Any company, no matter small or big needs money from time to time for its growth and development. Apart from their operational capital, they may need funds for expansion, clearing debts, or meeting financial gaps. While there are many ways a company can raise funds, going public and through institutional investors is most common. They can either raise money through debt (loans or bonds) or via equity (by offering shares to investors).
When it comes to raising money through equity, the company issues shares in the market for investors. This, in turn, gives the investors a stake and ownership in the company. A company can release its shares in two ways – through an IPO or an FPO. Let’s look into it and understand what these are and how they are different.
IPO – Initial Public Offer
When a company goes public, issues its shares, and lists itself on a stock exchange, it is called an IPO. In an Initial Public Offer, the company issues shares to the public which are then traded on a stock exchange.
What does on in the background for an IPO?
Going public isn’t just about releasing a press release and issuing shares, it is a lengthy and complex process. There are numerous entities involved that audit the company, and review the financials and intent for the IPO. Also, there are other complicated processes like book building, rate quotes, red herring, notice, issuance, etc.
For a company looking to raise money through an IPO is a big responsibility. Going forward the company is answerable to its stakeholders, investors, and how they operate. The company receives money during the initial allotment and at the face value of the share. Any price change while traded on the exchange in the secondary market only affects the market capitalization and net cashflows.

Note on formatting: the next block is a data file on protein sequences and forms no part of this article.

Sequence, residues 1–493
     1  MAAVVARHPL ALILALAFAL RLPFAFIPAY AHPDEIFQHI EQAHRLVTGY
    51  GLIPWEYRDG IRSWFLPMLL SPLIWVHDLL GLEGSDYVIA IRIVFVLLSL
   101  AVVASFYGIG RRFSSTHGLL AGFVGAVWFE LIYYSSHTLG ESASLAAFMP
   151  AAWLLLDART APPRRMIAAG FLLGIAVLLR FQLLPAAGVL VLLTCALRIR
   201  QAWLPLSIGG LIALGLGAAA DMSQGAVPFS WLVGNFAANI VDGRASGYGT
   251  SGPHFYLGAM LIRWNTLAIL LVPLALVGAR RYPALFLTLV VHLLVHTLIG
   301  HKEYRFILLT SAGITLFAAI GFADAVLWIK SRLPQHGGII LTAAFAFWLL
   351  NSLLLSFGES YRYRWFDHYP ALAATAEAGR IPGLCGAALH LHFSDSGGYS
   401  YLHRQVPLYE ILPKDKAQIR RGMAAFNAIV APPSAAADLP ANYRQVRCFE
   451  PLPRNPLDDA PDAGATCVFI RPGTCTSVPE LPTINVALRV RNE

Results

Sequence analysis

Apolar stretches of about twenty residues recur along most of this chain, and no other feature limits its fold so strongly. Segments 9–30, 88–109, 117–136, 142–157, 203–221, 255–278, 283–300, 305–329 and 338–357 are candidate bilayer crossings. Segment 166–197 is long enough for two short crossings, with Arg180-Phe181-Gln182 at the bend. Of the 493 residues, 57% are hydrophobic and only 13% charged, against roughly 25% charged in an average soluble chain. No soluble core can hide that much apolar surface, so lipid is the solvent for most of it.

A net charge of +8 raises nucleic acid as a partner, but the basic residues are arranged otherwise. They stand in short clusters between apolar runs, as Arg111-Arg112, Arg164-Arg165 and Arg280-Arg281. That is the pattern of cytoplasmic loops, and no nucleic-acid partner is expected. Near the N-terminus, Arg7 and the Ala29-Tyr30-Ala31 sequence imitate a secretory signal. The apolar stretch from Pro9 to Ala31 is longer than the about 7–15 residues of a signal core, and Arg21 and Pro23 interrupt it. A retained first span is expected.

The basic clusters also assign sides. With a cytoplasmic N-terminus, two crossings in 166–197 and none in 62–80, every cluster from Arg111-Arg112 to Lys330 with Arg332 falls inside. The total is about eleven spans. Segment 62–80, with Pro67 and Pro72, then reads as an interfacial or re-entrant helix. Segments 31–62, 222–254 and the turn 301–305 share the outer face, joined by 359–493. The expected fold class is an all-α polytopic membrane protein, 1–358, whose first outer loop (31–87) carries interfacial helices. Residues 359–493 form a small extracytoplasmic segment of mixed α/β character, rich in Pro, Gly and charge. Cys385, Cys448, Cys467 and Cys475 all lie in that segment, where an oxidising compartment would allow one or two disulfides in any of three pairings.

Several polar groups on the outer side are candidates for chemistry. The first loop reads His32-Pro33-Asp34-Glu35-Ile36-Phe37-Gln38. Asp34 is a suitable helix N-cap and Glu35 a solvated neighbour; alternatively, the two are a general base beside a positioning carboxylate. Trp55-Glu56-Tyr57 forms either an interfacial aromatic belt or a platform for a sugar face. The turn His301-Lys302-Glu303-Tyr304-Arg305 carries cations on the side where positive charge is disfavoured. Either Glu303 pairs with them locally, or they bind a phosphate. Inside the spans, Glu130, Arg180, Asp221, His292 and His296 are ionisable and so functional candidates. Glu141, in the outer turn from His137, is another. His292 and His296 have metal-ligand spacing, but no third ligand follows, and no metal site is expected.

As for the investors, they get ownership of the company. Moreover, they can have some stake in the revenue based on the type of shares or through dividends. Also, based on the changing price of the share in the market, the investors can book a profit by selling or buying more shares.
FPO – Follow-on Public Offer
An FPO, as the name suggests, is a follow-up round to issue additional shares to the public in exchange for money. A company might raise an FPO for multiple reasons including that to raise more funds. It could be to diversify the stakeholder base, dilute shareholding patterns, or for other administrative reasons. Similar to an IPO, there are proper regulations and legal processes for an FPO. However, contrary to the IPO, in an FPO the company is already registered on the exchange. Hence, new and current investors can make informed decisions based on past performance, trends, and the company’s track record. Also, investors can compare if the new valuation or their current holding in the company is worth their while. Investors can buy and sell their holdings through their trading account and avail of the shares.
Apart from an IPO and FPO, in terms of equity, there are things like buybacks, stock splits, dilutions, swaps, and whatnot.
Public investments and equity trading can be risky decisions, so investors and users must act with caution. You must do your research and due diligence before investing in any company, IPO, or FPO.